Buttery brioche is one of life’s great pleasures. It can be shaped into the familiar rolls with a topknot or baked in a loaf pan. It’s the basis for the very best bread puddings. Brioche also makes the most wonderful toast to eat as is.–John Ash
LC Beguiling Brioche Note
Want to win friends and influence people? Author John Ash recommends baking this buttery brioche as wee rolls with a little pat of creamy Camembert or goat cheese tucked in the center of the dough. Talk about a beguiling, if not conversation begetting, brioche.
Special Equipment: Loaf pans or brioche molds
- Quick Glance
- 40 M
- 3 H, 15 M
- Makes 2 loaves or about 20 rolls
- 3/4 cup whole milk
- 1/4 cup granulated sugar
- 3 packages active dry yeast
- 6 large eggs, plus 3 large egg yolks, at room temperature and lightly beaten
- 2 teaspoons kosher or sea salt
- 4 to 5 cups unbleached all-purpose flour
- 1 cup unsalted butter, at room temperature, plus more for the pans
- Vegetable oil, for the bowl
- 1 large egg, beaten with 1 tablespoon milk
- 1. In a small saucepan, heat the milk and sugar, stirring, so that it is just warm to the touch [120°F (49°C)]. Pour the mixture into the bowl of an electric mixer or a large bowl and sprinkle the yeast on top. Stir briefly to dissolve and let the mixture sit for 5 to 10 minutes, until it begins to foam.
- 2. Add the beaten eggs and yolks, the salt, and 3 cups of the flour to the bowl and beat with the electric mixer fitted with the paddle attachment, or by hand with a wooden spoon, until the mixture is smooth. Add the butter a tablespoon or two at a time and beat into the dough. Add the remaining flour, 1/2 cup at a time, beating continuously until the dough is shiny and no longer sticky, about 5 minutes.
- 3. Transfer the dough to a large, lightly oiled bowl, and turn the dough to coat it. Cover the bowl with a towel and let the dough rise until doubled, about 1 hour.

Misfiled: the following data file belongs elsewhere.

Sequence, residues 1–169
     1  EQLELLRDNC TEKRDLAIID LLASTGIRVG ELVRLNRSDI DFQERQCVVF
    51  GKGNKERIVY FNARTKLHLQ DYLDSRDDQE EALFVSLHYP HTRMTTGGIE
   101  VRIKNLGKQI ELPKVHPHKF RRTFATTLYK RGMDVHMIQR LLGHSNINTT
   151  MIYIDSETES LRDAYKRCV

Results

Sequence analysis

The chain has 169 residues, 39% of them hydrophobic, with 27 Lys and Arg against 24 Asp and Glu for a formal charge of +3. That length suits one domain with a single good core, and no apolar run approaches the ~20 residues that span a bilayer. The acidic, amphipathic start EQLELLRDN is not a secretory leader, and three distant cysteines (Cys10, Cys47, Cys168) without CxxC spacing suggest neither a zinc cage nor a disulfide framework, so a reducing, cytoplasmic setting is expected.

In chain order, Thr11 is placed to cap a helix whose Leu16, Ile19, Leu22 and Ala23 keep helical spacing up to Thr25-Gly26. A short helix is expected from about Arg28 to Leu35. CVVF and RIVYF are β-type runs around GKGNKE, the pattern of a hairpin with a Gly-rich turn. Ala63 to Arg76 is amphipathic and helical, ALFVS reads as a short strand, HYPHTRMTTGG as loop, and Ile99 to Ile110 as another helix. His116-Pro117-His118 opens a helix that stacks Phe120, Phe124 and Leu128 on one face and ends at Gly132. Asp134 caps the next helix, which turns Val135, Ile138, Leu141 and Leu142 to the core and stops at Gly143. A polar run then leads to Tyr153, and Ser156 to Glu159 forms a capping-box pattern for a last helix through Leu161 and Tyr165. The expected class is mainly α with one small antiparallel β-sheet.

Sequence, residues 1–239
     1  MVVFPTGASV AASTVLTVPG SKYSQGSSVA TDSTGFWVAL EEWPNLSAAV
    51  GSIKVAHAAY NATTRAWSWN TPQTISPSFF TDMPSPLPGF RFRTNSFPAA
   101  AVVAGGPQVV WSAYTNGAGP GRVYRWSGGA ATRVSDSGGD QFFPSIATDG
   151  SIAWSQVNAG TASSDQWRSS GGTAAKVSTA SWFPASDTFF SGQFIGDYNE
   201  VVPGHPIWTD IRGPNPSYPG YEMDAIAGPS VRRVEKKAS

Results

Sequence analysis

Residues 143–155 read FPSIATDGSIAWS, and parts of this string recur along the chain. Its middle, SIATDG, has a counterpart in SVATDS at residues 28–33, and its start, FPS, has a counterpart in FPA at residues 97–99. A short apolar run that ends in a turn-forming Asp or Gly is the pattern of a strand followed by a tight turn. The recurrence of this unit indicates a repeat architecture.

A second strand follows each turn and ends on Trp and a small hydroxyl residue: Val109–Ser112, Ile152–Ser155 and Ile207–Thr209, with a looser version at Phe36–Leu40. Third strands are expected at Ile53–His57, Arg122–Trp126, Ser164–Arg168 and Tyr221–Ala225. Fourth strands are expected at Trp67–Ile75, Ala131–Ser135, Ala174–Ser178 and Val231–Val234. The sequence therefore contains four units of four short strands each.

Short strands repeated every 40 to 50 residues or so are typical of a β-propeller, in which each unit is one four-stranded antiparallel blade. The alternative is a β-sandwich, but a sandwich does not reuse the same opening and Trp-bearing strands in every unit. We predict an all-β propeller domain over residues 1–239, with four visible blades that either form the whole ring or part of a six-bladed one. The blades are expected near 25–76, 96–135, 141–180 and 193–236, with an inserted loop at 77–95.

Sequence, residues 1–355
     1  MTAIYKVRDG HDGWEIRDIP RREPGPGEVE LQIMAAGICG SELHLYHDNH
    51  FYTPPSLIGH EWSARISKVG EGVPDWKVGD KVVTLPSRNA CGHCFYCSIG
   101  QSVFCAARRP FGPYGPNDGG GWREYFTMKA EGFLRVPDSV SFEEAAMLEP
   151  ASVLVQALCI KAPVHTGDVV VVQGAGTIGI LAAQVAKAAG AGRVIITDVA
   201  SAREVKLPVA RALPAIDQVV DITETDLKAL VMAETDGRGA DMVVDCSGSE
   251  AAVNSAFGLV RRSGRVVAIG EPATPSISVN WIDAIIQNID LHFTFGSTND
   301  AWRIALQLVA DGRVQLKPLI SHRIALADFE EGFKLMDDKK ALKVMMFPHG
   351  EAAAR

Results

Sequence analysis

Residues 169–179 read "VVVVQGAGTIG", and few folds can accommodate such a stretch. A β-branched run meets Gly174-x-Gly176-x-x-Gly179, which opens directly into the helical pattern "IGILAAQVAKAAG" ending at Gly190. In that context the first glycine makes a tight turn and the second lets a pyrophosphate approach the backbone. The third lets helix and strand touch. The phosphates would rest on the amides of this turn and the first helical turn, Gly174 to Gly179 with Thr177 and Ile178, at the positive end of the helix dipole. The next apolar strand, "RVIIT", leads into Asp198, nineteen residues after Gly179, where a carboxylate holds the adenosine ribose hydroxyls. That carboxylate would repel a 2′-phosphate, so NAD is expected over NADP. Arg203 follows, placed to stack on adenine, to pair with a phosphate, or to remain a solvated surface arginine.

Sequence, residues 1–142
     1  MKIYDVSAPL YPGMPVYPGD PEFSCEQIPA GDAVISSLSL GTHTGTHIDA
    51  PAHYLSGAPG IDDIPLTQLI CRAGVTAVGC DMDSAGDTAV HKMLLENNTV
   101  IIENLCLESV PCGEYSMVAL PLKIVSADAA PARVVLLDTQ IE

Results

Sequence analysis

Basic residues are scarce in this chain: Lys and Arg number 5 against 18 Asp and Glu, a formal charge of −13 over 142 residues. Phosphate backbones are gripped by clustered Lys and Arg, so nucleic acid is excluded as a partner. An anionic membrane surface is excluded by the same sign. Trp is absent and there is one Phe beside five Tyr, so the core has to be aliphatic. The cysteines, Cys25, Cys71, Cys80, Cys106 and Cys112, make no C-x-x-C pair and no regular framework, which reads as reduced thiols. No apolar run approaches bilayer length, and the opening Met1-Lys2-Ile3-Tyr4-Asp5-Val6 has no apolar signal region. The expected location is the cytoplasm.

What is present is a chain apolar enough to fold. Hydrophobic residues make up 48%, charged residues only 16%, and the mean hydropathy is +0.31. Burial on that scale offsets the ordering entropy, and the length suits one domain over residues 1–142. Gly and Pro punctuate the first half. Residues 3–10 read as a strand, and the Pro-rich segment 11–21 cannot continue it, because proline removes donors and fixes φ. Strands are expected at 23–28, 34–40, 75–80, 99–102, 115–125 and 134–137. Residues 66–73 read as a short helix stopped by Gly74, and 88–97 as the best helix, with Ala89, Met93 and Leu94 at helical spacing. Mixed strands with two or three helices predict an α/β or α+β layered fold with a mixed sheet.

- 4. Butter 2 medium loaf pans or 20 individual brioche molds. Punch down the dough and knead briefly. Divide the dough among the prepared pans or molds. Let it rise until doubled, about 1 hour.
- 5. Preheat the oven to 400°F (200°C).
- 6. Brush the tops of the brioche with the beaten egg-milk glaze. Bake on the center rack for about 25 minutes for loaves and 12 to 14 minutes for rolls. Check periodically — the brioche should be a rich golden brown and firm to the touch. Remove from the oven and cool slightly before turning out from the pan.
Hungry for more? Chow down on these:
Testers ChoiceTesters Choice
May 09, 2007
I make brioche loaves and rolls fairly regularly since I learned the proper techniques in pastry school. However, this is, by far, the best brioche I have ever made. It rose to a beautful height, exceeding the height of my pan. The crust was absolutely perfect and baked to a uniform, deep golden brown. The crumb was also perfectly light and very flavorful. You may need to increase the baking time of the loaf—mine took 40 minutes rather than the 25 minutes stated in the recipe.
May 09, 2007
I made this bread because I was making another recipe requiring brioche. I cannot tell you how excited I was to see a successful brioche recipe come together in under 3 hours and taste as if I’d been laboring at it for days. This was perfect and delicious. A winner and a keeper.
Brioche Recipe © 2007 John Ash and Sid Goldstein. All rights reserved.